Rupert was leaning over Jonson’s shoulder. He had his chin cupped in his hand in what he presumably hoped would be seen as a gesture of thoughtfulness—but Elizabeth was quite sure her brother just wanted to stroke his beard. Still shy of his sixteenth birthday, Rupert was inordinately proud of his whiskers.

In truth, he had some right to be. He was already six feet tall and was showing that extraordinary musculature that would make him a military legend in another universe. Prince Rupert of the Rhine, they’d called him. Rupert had vowed he would not pursue the soldier’s career he’d followed in that up-time world. But Elizabeth had noted that her brother maintained a rigorous regimen when it came to his exercises in the salle d’armes run by his Dutch swordmaster. Such vows were easy to make; not so easy to keep.

“I think you should rather make it a token of esteem from Oceanus,” Rupert said. He pointed to the object in the poet’s hand. “You could think of it as a symbol of the engirdling oceans in all their many hues.”

Ben Jonson stroked his own beard. “Hm. Interesting idea, I agree.”

In Elizabeth’s opinion, the idea was idiotic—because any attempt to make the Rubik’s Cube the center of a masque was idiotic. The ridiculous up-time contrivance was far too small to play that role. They’d do better to use the statue of the elf or even the club. What did Americans call the thing? A “baseball bat,” if she remembered correctly.

The name was as idiotic as the Rubik’s Cube. There’d been bats in two of the houses she’d lived in during her family’s peripatetic existence following the expulsion of her father, the Elector of the Palatine Frederick V, from the throne he’d briefly held as King of Bohemia. The American club bore no resemblance to the creatures at all.


“George Monck’s been executed,” John Hampden announced, closing the door to the salon behind him. He came over to the big table in the center of the room around which a number of other men were seated and laid a radio message on the surface. “The news just came in. Thomas Fairfax, John Lambert and Thomas Horton were executed along with him. Horton was drawn and quartered first.”

Bastards,” hissed Arthur Haselrig. “What about Denzil Holles? And Fairfax’s son Ferdinando?”

Hampden pulled out a chair. “Still alive, I suppose. For how long remains to be seen.” He sat down. “So far, the Earl of Manchester is the only one who seems to have wormed his way into Cork’s good graces.”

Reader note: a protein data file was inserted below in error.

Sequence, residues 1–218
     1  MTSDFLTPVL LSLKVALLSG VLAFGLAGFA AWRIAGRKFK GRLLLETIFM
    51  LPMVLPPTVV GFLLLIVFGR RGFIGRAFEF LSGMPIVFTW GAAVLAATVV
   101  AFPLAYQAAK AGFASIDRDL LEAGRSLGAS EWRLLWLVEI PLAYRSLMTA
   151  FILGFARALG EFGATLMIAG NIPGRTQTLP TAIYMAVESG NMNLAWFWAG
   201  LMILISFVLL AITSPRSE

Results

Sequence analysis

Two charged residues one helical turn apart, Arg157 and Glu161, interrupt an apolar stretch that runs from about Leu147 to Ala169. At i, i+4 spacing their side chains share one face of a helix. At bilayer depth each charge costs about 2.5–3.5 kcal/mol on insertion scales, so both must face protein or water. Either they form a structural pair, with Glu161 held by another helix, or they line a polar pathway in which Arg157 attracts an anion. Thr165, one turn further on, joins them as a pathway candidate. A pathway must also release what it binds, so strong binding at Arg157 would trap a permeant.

“ ‘Wormed’ is the right word, too,” said young Henry Ireton. “Unfair to worms, I suppose, but since ‘swined’ or ‘toaded’ aren’t verbs it’ll have to do.”

There was real anger lurking under the humor. Still only twenty-four years old, Ireton was too young to have known any of the men executed by the Earl of Cork. But like all of the men in the room, he’d studied the up-time accounts of the civil war that had begun in England—would have begun, rather, in another England in another universe—in the year 1642.

The history of that conflict weighed heavily on all of them, for all its insubstantial nature. Perhaps on none more than the man sitting at the head of the long table, Thomas Wentworth—who’d stopped calling himself the Earl of Strafford because of it.

Wentworth studied young Ireton for a moment. In this world, the man was a lawyer—as he had been in that other. But so far he was only a lawyer, not the accomplished military officer he would become—would have become, had become, could have become—the grammar was maddening—in the up-timers’ universe.

Wentworth suppressed a smile. And how must the youngster feel about having been Oliver Cromwell’s son-in-law in that world? He’d never even met the Bridget Cromwell he would marry there. It would do him little good to do so in this one anyway, at least for the moment. The girl was still only...

Wentworth tried to remember the ages of Cromwell’s children. Bridget was ten or eleven years old, he thought. Certainly no more than twelve.

If she was still alive at all. There’d been very little news of Cromwell since the escape from the Tower of London.

The men who’d recently been executed had played prominent roles in that civil war, as had the Earl of Manchester. Would have played, it might be better to say. The reason Horton had been drawn and quartered was because, it that other universe, he’d been one of the commissioners of the High Court of Justice in 1649 and among those who’d signed the warrant for the execution of King Charles I of England.